•-•-•-•

Nineteen ninety-five was not only a long time ago for Strayed, it was a different cultural age. In this tell-all, capture-it-all era, if a writer and inexperienced hiker sets off alone on the Pacific Crest Trail, the presumption is that there’s a project in mind. It’s Morgan Spurlock destroying his body on fast food, in front of the camera, in “Super Size Me,” a bunch of 20-something acting like drunken fools for a reality TV show.

Strayed, though, hit the trail with no book in mind. Though she longed to be a writer, even back then, writing about the Pacific Crest Trail didn’t really occur to her.

First there was the matter of learning to write. Strayed, who had graduated from the University of Minnesota with a double major in English and women’s studies, went on to the masters program at Syracuse. “I had to apprentice myself to the writer’s craft,” she said.

Upon completing her masters, Strayed found that the closest thing to her writer’s soul was a book that addressed her earlier life. She began work on a novel; “Torch,” published in 2006, told of a troubled family in Minnesota dealing with an ailing mother, circumstances which parallel Strayed’s life.

“A lot of writers have that same experience – they have a certain book in their bones, their first book,” she said. “‘Torch’ was that book for me. I had to write it.”

Getting that first book out of the way didn’t exactly clear a path to write about her adventure in the Western woods. Strayed had written “Torch” while mothering two young children. “How on earth am I going to finish another book? It seemed like an epic thing,” she said of that period.

So Strayed turned to what seemed an easier project, an essay collection. Many of the pieces had already been written; two of them, “The Love of My Life” and “Heroin,” were selected for the Best American Essays anthology.

“I realized they hung together as a collection – the story of me in my 20s and 30s,” she said of her essays. “The missing piece was, I’d never written about my hike of the PCT.”

Gradually, Strayed began to see what a significant omission that was. “My husband would say for years, I should write about the hike, and I’d say, ‘I don’t have anything to say about it,'” she said. “We can’t always see our own lives so clearly.”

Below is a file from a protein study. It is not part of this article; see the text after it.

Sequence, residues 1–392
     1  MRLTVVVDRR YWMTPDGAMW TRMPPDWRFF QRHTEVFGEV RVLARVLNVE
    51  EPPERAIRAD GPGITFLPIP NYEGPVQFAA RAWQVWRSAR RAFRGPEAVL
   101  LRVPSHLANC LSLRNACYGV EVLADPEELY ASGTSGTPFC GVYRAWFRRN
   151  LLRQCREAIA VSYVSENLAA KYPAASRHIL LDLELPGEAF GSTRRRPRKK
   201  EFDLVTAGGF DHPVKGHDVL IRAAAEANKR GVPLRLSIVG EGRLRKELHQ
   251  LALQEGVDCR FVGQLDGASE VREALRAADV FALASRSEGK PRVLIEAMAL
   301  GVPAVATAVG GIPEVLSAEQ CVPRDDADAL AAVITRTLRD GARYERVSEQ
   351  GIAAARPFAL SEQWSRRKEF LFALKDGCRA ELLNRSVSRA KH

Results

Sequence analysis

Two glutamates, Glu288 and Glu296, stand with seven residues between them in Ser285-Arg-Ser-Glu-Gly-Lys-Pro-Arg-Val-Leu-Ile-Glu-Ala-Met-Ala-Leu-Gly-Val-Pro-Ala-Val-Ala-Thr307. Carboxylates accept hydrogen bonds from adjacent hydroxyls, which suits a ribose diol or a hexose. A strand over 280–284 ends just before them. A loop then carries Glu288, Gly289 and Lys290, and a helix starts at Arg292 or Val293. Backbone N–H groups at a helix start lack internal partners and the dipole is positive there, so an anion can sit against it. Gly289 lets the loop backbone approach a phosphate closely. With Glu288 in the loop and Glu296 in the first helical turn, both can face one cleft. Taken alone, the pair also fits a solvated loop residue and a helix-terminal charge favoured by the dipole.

When Strayed began writing, she realized an essay wasn’t going to contain what she had to say. “I had so much to tell. I saw it was a book,” she said.

Another obstacle was her contact, as a teacher, with aspiring memoir writers. “We all have an exotic adventure – ‘I lived in Greece for the summer’ – and that does not make a book,” she said. “I needed it to come from a place, a deeper place of literature, where it could illuminate the human experience and my experience.”

“Wild” is that kind of book, connecting Strayed’s past to why she is on the trail. It is also expertly crafted, balanced between what she sees on the PCT and what is happening to her being. And it portrays a character Strayed understands thoroughly, a character she know on the inside and who she can also see clearly from a distance.

“The point wasn’t that I took this big adventure,” Strayed said. “The point was I undertook this thing at a time in my life when I needed to get myself back on course. The time, those years, that perspective before I wrote was a vital ingredient in the story. It was a deep telling of my life, what brought me there, to that trail.”

Strayed has not only a perspective on the hike, but also on being the writer who told the tale.

“I always knew I was doing a great thing for myself. Even when I was grumpy, asking what I was doing on the trail, there was a little voice that told me I was on the right path,” she said. “I only have a deeper sense of it now. I’m glad I seized this moment in my life when I could do it.”

And so on to other things. Strayed has started a new book, a novel.

“I’ve spent so much time the last few years writing on myself,” she said. “I’m over myself.”

stewart@aspentimes.com